Seth Rogen and Charlize Theron are obviously a mismatched couple, and the romantic comedy Long Shot never tries to pretend otherwise.
The inappropriateness of their pairing is the movie's central theme, and its greatest accomplishment is making their characters feel like they absolutely belong together, despite every clear indication to the contrary. Director Jonathan Levine (who previously worked with Rogen on the comedies 50/50 and The Night Before) and screenwriters Dan Sterling and Liz Hannah maintain a delicate balance, not only in the romance between a schlubby guy and a glamorous woman, but also in the story's political context, which is timely but never lets social commentary overpower the narrative.
Both main characters are deeply involved in politics, and their commitment to their respective beliefs is one of the things that draws them together (and later threatens to tear them apart). Rogen's Fred Flarsky is a crusading left-wing journalist who loses his job at a Brooklyn alt-weekly when his company gets bought out by a conservative billionaire (Andy Serkis, disappearing under layers of makeup instead of motion capture for once). Theron's Charlotte Field is the poised, intelligent secretary of state under a buffoonish president (Bob Odenkirk) who got elected thanks to his experience playing the president on TV. When he decides not to run for re-election, he offers to endorse Charlotte if she wants to declare her candidacy for president.
Fred and Charlotte are also former childhood neighbors, and Fred still vividly remembers the crush he had on the slightly older Charlotte when she was his babysitter. They meet again at a fancy fundraiser thanks to Fred's finance-bro buddy Lance (O'Shea Jackson Jr.), and there's obvious chemistry right away, even if neither of them can see it going anywhere at first. The filmmakers take the time to build the romance slowly and organically, as Charlotte first hires Fred as a speechwriter and then starts spending more time with him, as they get to know each other under the guise of work.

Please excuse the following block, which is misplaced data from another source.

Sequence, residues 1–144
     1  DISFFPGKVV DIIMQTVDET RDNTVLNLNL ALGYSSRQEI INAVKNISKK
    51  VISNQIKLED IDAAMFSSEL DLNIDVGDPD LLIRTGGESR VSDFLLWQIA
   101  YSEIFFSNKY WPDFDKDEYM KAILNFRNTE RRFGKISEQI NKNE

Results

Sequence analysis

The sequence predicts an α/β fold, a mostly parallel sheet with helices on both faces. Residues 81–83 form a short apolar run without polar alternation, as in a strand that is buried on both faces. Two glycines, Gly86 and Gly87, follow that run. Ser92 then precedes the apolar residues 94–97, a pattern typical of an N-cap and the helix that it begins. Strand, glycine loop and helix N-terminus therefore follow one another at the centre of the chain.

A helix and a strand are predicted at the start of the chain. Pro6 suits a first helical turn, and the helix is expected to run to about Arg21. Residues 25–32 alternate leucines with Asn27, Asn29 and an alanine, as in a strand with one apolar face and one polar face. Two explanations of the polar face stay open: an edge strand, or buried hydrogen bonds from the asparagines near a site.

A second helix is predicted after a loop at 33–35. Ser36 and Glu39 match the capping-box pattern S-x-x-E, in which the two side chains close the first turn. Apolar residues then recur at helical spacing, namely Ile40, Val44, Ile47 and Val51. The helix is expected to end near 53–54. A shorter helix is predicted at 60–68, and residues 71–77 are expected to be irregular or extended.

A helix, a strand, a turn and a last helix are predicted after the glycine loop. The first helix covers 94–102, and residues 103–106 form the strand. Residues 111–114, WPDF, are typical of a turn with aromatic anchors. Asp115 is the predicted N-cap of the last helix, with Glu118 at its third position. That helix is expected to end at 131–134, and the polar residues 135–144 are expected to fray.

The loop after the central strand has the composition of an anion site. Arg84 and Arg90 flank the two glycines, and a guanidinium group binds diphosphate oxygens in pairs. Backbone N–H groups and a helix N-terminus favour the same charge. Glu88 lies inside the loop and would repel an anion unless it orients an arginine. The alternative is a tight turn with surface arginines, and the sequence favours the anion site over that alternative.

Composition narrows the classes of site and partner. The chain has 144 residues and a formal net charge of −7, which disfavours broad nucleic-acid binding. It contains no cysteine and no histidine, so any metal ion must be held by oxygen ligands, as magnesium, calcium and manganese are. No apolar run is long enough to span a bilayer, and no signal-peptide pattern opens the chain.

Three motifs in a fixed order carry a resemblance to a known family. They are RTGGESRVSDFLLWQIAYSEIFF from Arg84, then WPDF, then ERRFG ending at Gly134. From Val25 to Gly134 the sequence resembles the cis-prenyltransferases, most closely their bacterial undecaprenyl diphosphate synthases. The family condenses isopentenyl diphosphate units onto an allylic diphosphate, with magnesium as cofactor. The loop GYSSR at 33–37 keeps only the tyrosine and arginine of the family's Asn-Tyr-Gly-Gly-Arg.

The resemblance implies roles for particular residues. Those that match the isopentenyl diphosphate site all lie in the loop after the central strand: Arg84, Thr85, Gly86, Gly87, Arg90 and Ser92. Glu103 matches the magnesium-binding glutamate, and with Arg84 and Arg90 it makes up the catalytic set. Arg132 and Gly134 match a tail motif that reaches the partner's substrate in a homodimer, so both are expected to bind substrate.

The political storyline, which focuses on Charlotte's campaign for a vaguely defined environmental initiative as a way to launch her presidential run, sometimes feels like Aaron Sorkin lite, and the issues that both Charlotte and Fred advocate for aren't defined clearly enough for them to debate about anything specific. But there's enough contrast between Fred the idealist and Charlotte the pragmatist to understand how they can educate and influence each other, and even if the movie equivocates on policy particulars, it has a strong sense of the challenges that Charlotte faces as a woman in the public eye.
More importantly, it has a believable love story at its core, as Fred and Charlotte fulfill needs in each other's lives and open each other up to new experiences. Rogen plays an effective variation on his typical blustery man-child, and Theron demonstrates her rarely highlighted flair for comedy, while remaining elegant and indomitable (even when Charlotte is forced to deal with an international crisis while stoned for the first time in her life). June Diane Raphael gets to pre-emptively voice all of the audience's potential criticisms as Charlotte's deeply skeptical chief of staff, and her acerbic presence helps to deflate any possible self-importance. The comedy occasionally tips too far into juvenile gross-out territory, but most of it is founded on witty repartee, the kind of back-and-forth that's driven the best romantic comedies since the 1940s.
Long Shot isn't exactly the next Philadelphia Story, but it's smarter and warmer than the typical studio rom-com, showing two serious, multifaceted people coming together in mutual respect — and a surprising amount of genuine sweetness and passion. ♦